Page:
The U-curve is a hypothesis proposed by Norwegian sociologist Sverre Lysgaard in 1955 to describe the stages of cross-cultural adjustment. He wrote:
“Adjustment as a process over time seems to follow a U-shaped curve: adjustment is felt to be easy and successful to begin with; then follows a ‘crisis’ in which one feels less well adjusted, somewhat lonely and unhappy; finally one begins to feel better adjusted again, becoming more integrated into the foreign community.”
Although Lysgaard never produced a diagram to illustrate his theory, several have been developed over the years. They all look something like this:
The Honeymoon stage is characterized by anticipation and delight at the newness of the host culture and its people. The expat is excited by the possibilities. This is sometimes referred to as the “rose-coloured glasses” stage and lasts anywhere from a few days to a few weeks.
The Crisis stage is often referred to as “culture shock.” This is the point at which it becomes apparent to the expatriate that the norms and behaviours of the host culture don’t always work in the new environment. The expat is frustrated, confused, hostile, and unable to function effectively. This stage is represented by the trough in the diagram — it is literally the lowest point of the adjustment process in terms of satisfaction, and hits around the 4-6 month mark.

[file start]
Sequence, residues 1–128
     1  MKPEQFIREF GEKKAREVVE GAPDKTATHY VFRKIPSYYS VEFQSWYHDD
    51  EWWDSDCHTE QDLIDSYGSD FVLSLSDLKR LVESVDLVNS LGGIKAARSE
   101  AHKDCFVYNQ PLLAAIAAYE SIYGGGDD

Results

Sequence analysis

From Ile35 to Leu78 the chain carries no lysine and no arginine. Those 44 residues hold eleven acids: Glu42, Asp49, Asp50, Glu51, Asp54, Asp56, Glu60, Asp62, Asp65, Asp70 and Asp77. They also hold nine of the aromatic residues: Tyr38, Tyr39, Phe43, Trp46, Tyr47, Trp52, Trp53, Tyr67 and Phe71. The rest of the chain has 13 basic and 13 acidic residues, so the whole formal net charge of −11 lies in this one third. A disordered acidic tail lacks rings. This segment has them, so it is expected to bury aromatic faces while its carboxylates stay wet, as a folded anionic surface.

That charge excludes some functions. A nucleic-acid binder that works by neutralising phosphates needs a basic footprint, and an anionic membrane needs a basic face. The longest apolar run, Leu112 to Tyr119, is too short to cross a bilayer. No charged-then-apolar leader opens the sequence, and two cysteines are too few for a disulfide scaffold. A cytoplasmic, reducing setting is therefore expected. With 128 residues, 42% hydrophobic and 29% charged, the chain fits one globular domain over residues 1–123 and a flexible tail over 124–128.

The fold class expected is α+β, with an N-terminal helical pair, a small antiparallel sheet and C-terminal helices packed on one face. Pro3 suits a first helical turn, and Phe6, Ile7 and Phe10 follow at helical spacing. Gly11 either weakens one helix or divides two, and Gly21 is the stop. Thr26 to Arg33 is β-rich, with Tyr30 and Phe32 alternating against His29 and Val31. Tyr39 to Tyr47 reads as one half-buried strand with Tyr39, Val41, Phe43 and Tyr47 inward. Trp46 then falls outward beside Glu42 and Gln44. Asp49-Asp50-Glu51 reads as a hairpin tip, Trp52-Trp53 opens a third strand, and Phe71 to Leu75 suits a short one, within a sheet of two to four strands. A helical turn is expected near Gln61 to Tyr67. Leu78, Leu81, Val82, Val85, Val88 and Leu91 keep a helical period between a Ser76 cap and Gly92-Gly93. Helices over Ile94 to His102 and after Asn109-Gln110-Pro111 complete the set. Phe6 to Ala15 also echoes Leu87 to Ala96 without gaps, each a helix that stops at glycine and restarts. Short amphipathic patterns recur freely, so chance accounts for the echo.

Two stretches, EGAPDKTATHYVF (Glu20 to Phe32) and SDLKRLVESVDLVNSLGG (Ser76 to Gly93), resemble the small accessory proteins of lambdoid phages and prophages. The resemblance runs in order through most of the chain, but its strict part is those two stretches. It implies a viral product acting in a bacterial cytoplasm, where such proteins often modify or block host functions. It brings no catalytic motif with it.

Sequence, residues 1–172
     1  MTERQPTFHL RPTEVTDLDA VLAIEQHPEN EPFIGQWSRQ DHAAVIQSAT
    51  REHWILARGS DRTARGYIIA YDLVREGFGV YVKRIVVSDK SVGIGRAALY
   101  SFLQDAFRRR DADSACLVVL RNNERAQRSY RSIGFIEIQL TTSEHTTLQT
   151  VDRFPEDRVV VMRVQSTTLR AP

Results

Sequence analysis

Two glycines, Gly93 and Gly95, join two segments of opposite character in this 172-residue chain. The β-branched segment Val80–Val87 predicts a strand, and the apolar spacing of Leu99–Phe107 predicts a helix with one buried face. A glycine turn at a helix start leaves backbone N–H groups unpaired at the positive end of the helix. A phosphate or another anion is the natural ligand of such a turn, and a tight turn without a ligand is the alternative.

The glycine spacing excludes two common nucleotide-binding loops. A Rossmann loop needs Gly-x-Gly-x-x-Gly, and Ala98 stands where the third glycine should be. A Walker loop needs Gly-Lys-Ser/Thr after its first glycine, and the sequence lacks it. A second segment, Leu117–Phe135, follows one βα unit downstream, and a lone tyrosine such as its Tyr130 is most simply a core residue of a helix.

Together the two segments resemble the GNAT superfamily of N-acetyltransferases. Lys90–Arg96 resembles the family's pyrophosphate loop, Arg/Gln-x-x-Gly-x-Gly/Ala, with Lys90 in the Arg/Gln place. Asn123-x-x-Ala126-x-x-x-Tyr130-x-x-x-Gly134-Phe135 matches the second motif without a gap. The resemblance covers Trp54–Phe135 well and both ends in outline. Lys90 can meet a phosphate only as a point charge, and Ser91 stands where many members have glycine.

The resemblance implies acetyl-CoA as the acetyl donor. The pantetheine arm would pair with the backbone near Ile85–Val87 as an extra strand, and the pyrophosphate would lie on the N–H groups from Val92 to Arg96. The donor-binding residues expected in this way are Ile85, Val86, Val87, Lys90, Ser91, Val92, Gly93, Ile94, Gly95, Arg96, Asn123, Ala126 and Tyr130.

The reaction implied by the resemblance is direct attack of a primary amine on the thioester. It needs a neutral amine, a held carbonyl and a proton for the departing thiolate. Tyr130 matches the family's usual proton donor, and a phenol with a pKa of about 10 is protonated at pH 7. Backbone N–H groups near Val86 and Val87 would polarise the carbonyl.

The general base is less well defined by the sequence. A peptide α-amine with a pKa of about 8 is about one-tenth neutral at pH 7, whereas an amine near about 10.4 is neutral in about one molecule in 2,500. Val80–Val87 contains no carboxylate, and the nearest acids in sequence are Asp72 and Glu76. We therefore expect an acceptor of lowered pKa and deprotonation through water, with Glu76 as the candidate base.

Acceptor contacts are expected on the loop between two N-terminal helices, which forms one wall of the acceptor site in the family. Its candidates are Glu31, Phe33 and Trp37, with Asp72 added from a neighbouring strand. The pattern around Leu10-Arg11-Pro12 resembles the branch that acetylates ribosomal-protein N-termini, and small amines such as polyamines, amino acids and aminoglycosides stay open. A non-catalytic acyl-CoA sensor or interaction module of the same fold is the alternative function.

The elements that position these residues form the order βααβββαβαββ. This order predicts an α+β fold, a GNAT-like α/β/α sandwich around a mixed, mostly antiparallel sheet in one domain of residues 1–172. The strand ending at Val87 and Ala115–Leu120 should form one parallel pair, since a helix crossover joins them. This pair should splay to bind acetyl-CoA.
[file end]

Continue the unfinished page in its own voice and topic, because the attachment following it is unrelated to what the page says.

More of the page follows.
The Recovery stage is where things start to look up. The expat has begun to figure out the rules of the new culture and is feeling more comfortable and in control.
The Adjustment stage is the final phase. At this point the expat has integrated into the host culture and is able to function without much effort, perhaps even adopting a dual cultural identity. This is the period of highest satisfaction.
The U-curve model is widely used in cross-cultural training sessions and in the culture shock literature. The problem? It doesn’t stand up to scrutiny. To be fair, Lysgaard never intended it to be taken as gospel — it was a hypothesis that cried out for further research. Sure enough, subsequent studies have found that only 10% of the population cycles consecutively through these four stages of adjustment. For the rest of us, it’s more complicated: we go through the stages in a different order, at different times, or perhaps not at all. Some expats, for example, never get to enjoy a honeymoon stage — they’re unhappy with their host culture from Day 1. (This was my unfortunate experience the first time I lived in France. I think I skipped the adaptation stage, too.) Most studies, in fact, indicate that it’s the first few months of expatriation that are the most stressful.
The path we take to adjustment depends on many factors: our feelings and expectations about the move, the extent of difference between the two cultures, the amount of social support available, etc. Personality also plays a role in adjustment. Bottom line: there is no timetable for integration. It’s a messy, unpredictable beast with a timeline all its own. We all adapt at our own pace, in our own way. If I had to draw a diagram of my own adjustment, it would look something like this:
What would your diagram look like?